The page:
Shreds staples, credit cards, paper clips, CD's, DVD's and junk mail
Shred size: 5/32" x 19/32"
Jam resistant: Antijam with SmartSense™ technology, V-Track™, auto reverse
Dimensions: 16.34"W x 11.81"D x 26"H
1-year mfr. limited warranty

http://www.staples.com/Staples-22-Sheet-Cross-Cut-Shredder/product_740131



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Rumpl4skn



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PostPosted: Thu Nov 12, 2009 1:27 pm    Post subject: Reply with quote

You know, with enough time, those papers could be re-assembled. If they do that, then we can rest assured there will be "incriminating evidence" found inside. If they don't, then those are most likely lunch menus from the CIA commissary.

Then again... if the masses suddenly find out that paper shredding doesn't totally cover your tracks, there goes a crap-load of sales for the home office industry. Scratch that idea. Cool
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Fintan
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PostPosted: Thu Nov 12, 2009 1:27 pm    Post subject: Reply with quote

Quote:


This photograph taken on Friday, Nov. 6, 2009 in Killeen, Texas, shows
a copy of the Quran and a briefcase holding this business card that Maj.
Nidal Malik Hasan gave to his neighbor a day before going on a shooting
spree at the Fort Hood Army Base. (AP)


Quote:
Now look at the card. Notice the SoA on the card? Soldiers of Allah. Followed by SWT, an abbreviation that usually follows the word Allah.

When writing the name of God (Allah), Muslims often follow it with the abbreviation "SWT." These letters stand for the Arabic words "Subhanahu Wa Ta'ala," or "Glory to Him, the Exalted." Muslims use these or similar words to glorify God when mentioning His name.

Definition: When writing the name of God (Allah), Muslims often follow it with the abbreviation "SWT." These letters stand for the Arabic words "Subhanahu Wa Ta'ala," or "Glory to Him, the Exalted." Muslims use these or similar words to glorify God when mentioning His name.
Pronunciation: sub-han'-a-hoo wa ta a la
Also Known As: Subhanahu Wa Ta'ala
Alternate Spellings: subhana wa ta'ala; subhanna wa ta'ala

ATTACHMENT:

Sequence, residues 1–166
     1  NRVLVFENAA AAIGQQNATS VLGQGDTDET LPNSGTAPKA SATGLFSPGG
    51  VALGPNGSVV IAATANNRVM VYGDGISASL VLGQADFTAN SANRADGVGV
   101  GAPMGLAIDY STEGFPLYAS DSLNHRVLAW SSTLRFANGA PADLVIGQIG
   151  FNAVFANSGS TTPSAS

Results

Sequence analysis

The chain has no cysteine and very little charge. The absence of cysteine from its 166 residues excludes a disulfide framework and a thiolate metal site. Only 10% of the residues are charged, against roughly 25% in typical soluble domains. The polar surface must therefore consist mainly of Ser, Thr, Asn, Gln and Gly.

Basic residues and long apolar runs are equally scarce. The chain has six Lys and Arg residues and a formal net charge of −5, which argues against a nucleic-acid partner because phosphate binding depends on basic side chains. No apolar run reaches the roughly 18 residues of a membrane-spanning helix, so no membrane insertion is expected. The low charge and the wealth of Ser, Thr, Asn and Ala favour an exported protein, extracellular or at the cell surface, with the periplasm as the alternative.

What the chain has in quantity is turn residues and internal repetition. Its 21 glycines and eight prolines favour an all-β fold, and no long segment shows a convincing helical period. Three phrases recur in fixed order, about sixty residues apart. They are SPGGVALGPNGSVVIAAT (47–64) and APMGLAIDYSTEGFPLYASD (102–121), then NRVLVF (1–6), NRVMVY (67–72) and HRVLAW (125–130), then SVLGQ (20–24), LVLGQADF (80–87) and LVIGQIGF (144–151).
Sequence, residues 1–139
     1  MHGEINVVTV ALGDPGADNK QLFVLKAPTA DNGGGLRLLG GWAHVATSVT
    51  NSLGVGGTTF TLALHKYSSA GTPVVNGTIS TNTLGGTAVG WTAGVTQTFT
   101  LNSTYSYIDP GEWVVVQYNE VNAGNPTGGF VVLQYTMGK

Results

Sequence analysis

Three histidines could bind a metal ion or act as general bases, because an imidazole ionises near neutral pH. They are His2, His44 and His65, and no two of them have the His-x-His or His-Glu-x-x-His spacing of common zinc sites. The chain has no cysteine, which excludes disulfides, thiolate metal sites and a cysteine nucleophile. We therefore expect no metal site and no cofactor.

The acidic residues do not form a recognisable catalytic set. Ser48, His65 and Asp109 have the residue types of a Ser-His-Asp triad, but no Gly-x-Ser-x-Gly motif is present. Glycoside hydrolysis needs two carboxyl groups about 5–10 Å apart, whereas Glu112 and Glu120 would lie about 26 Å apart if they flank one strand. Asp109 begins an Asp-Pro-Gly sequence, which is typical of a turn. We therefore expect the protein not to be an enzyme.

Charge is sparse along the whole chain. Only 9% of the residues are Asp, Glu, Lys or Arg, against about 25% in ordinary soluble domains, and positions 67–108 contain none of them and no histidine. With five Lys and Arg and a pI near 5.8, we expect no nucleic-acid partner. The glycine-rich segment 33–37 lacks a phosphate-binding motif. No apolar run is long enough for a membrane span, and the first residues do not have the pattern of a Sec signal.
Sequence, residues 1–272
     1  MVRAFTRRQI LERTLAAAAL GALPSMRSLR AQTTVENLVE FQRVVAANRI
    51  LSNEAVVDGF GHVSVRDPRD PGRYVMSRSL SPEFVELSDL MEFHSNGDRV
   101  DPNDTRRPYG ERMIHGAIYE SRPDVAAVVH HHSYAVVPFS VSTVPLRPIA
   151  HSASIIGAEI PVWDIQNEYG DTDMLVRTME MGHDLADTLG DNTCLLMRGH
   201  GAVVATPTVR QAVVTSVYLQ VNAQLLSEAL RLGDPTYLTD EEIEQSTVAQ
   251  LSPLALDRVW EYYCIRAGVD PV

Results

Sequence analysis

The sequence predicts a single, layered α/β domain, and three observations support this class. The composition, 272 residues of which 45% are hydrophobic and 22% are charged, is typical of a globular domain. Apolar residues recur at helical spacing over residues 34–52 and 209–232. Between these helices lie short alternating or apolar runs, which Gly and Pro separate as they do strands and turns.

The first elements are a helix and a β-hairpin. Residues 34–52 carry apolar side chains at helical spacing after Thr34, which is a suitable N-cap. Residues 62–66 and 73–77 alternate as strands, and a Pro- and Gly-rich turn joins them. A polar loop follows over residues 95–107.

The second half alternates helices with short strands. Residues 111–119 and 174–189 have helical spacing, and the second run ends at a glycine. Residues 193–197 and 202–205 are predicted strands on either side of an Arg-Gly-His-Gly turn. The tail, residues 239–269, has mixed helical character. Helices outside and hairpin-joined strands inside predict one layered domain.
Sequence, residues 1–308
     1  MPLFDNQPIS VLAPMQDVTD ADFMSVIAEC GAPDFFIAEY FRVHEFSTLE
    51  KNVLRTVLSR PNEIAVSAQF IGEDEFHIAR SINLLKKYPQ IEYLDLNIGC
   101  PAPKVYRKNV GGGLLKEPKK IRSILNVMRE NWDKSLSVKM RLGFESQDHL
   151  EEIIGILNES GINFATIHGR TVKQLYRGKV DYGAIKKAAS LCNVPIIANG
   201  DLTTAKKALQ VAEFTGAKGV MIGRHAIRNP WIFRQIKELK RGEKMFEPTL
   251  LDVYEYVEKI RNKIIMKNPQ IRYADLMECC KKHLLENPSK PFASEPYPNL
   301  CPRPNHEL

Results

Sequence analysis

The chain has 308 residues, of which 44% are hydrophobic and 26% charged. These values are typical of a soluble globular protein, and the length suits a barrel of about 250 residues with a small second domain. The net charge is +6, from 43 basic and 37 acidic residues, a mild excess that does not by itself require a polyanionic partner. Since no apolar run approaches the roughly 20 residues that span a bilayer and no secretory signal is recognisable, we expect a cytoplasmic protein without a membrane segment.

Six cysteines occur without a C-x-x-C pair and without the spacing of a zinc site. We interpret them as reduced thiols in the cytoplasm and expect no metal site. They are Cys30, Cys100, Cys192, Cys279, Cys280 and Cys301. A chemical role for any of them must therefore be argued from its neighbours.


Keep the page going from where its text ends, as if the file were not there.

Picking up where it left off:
Exampls: Muslims believe that Allah SWT created the universe.

Link


Mosque: Dar Al-Hijrah

Hasan's former mosque in Maryland is controlled by the
Muslim Brotherhood, the Saudi-funded jihadist movement
which controls many mosques in America.

Quote:
Jose Padilla, the owner of Hasan's apartment complex, said Hasan gave him notice two weeks ago that he was moving out this week.

Earlier this week, Hasan asked Padilla his native language. When Padilla said it was Spanish, Hasan immediately went up to his apartment to get him a Spanish-language Quran. Padilla said Hasan also refused to reclaim his deposit and last month's rent, surrendering $400 that the major said should go to someone who needed it.

[...]

Neighbor Patricia Villa said Hasan came to her apartment the day of the shooting, and before, to give her vegetables, an air mattress, T-shirts, a Quran and offer her $60 to clean his Killeen, Texas, apartment after he left.

Jacqueline Harris, 44, who lives with her boyfriend, Willie Bell, in the apartment next door to Hasan, said he called Thursday at 5 a.m. and left a message.

"He just wanted to thank Willie for being a good friend and thank him for being there for him," Harris said. "That was it. We thought it was just a nice message to leave."

Bell said Hasan offered a farewell, saying, "Nice knowing you, old friend. I'm going to miss you."


Hasan was reportedly paying $350 a month for the apartment.

He was making about $6,250/month including subsistence.

Quote:
In January, al-Awlaki told readers of his blog about "44 ways to support jihad" – a term often translated as "holy war." Many of his points dealt with ways to fund such efforts.

"Probably the most important contribution the Muslims of the West could do for Jihad is making Jihad with their wealth," al-Awlaki wrote. "In many cases the mujahideen are in need of money more than they are in need of men."

He also stressed the importance of "avoiding the life of luxury."

Link

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They only function when open.

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Last edited by Fintan on Thu Nov 12, 2009 1:38 pm; edited 3 times in total
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Rumpl4skn



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PostPosted: Thu Nov 12, 2009 1:31 pm    Post subject: Reply with quote

I thought "SOA" meant "Still On AOL." Neutral
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starviego



Joined: 02 Feb 2007
Posts: 163

PostPosted: Thu Nov 12, 2009 3:54 pm    Post subject: Reply with quote

[quote="Fintan"]

Quote:
Packaging for pistol sight among items
found in Fort Hood shooter's apartment

In the center of the table was clear-plastic packaging from a Laser Max brand pistol sight. Authorities have said one of the pistols Hasan used in the attack was outfitted with a red-laser sight. The plastic packaging in the apartment bore a $229.99 price tag. That is identical to those on Laser Max pistol sights sold at Guns Galore, a Killeen gun store where authorities say he purchased the weapons used in the attack.
Wouldn't this be considered evidence tying the alleged perp to the murder weapon? Has there ever been a mass random-rage killer who hasn't left an incriminating trail of evidence like extra guns and ammo in his domicile and his vehicle? [They haven't talked about his car yet, but you can bet it had incriminating evidence left behind too.]

Quote:
One bottle, still holding about a dozen pills, had a label stating that the prescription "Combivir" was issued for Hasan in 2001 at Lackland Air Force Base in San Antonio.